Qld Health injects $30m more into hungry new ERP system

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Qld Health injects $30m more into hungry new ERP system

After integration, change management issues.

Integration and change management complications have forced Queensland Health to funnel another $30 million into replacing its long-out-of-support ERP system.

The new funding for the financial system renewal project (FSR) was approved by the department last December after a business case change request was issued in July 2018.

It brings the total cost of the project to $135.4 million - $109.4 million of which has so far been spent - since the department began its second attempt at replacing the system in December 2016.

The project is intended to replace the department’s heavily customised, 20-year-old SAP R/3 4.6 ERP suite known as the finance and materials management information system (FAMMIS).

Queensland Health and all 16 hospital and health services (HHSs) across the state will eventually move to a new on-premises version of SAP’s S/4HANA solution, which will interface into the agency’s now-stable SAP payroll system, previously the subject of a blistering state Royal Commission.

It is the second time the agency has attempted to replace the system, after aborting a $36 million upgrade effort in 2014-15.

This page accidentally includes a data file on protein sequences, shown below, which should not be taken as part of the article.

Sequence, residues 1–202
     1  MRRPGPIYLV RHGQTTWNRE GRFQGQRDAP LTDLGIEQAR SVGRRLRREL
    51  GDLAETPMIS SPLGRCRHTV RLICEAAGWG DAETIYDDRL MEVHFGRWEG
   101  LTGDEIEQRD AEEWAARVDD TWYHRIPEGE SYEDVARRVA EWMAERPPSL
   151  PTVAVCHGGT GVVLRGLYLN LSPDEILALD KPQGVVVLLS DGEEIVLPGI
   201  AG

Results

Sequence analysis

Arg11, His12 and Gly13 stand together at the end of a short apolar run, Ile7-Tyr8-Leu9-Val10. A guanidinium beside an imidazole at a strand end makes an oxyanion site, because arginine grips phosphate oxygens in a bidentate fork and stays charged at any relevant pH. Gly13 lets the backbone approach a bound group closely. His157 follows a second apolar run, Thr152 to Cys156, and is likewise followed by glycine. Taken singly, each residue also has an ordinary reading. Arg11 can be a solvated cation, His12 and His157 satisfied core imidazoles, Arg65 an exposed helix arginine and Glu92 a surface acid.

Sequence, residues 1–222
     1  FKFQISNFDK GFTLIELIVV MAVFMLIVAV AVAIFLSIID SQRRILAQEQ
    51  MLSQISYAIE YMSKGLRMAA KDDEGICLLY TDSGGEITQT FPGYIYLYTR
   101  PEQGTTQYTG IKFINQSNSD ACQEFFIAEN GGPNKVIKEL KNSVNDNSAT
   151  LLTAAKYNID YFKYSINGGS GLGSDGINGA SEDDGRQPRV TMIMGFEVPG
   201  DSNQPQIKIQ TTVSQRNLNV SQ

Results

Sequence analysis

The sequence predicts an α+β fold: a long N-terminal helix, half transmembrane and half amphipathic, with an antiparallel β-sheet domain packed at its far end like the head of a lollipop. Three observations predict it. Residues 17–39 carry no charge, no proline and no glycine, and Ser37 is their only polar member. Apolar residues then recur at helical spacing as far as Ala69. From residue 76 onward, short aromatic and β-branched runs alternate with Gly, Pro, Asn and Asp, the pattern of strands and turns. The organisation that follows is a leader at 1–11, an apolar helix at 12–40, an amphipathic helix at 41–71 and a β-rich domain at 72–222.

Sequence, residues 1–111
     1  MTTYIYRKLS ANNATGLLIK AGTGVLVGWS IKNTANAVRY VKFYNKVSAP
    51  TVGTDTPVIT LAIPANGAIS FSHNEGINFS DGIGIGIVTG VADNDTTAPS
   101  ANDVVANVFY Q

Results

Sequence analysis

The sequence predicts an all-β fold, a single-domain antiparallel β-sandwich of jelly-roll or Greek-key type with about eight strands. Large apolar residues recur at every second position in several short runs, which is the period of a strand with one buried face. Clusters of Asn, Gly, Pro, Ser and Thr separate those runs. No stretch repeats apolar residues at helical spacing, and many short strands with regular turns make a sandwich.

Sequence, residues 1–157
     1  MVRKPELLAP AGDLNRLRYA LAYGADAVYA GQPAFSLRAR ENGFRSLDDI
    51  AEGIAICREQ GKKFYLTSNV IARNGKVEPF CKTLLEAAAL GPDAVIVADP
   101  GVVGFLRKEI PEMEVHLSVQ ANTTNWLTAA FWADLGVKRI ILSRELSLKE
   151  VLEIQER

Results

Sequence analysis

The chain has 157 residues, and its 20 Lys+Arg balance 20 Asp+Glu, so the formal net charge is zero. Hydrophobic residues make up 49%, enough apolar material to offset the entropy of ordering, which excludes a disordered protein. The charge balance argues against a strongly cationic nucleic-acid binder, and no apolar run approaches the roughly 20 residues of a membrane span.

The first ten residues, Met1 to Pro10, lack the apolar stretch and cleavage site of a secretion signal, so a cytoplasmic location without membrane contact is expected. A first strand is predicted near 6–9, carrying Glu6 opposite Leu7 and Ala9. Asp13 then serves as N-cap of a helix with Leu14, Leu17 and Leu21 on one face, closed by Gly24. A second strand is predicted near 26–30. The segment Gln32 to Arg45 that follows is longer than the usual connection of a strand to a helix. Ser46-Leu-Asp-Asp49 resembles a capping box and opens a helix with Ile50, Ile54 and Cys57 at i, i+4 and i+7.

The platform was originally slated to be up and running last August, with staff expected to transition to the new system towards the end of 2018.

But facing “delays and an anticipated funding shortfall”, the department submitted a change request in July to address the complications with integration and change management.

A spokesperson told iTnews the additional funding would be used to “ensure a smooth transition to the new system - across the state”.

“This is enabling more work to be done to support each HHS and the department through the transition and implementation process,” the spokesperson said.

“As with the transition to any new system, ensuring staff are supported through the change is the number one priority.”

The program is still expected to be delivered this financial year, with staff to begin using the new system from July.

An audit report into the public health sector released earlier this week said the delay would allow for “change management processes to be implemented and better integration between other systems and S/4 HANA”.

But the state’s audit office said the new system would require the department and HHSs to “re-align their process and internal controls framework to the new system”, as well as migrate and cleanse data.

A project team has been set up by the department to “map key functions and their related processes and controls”.

The project is currently tracking green on the government’s IT dashboard.

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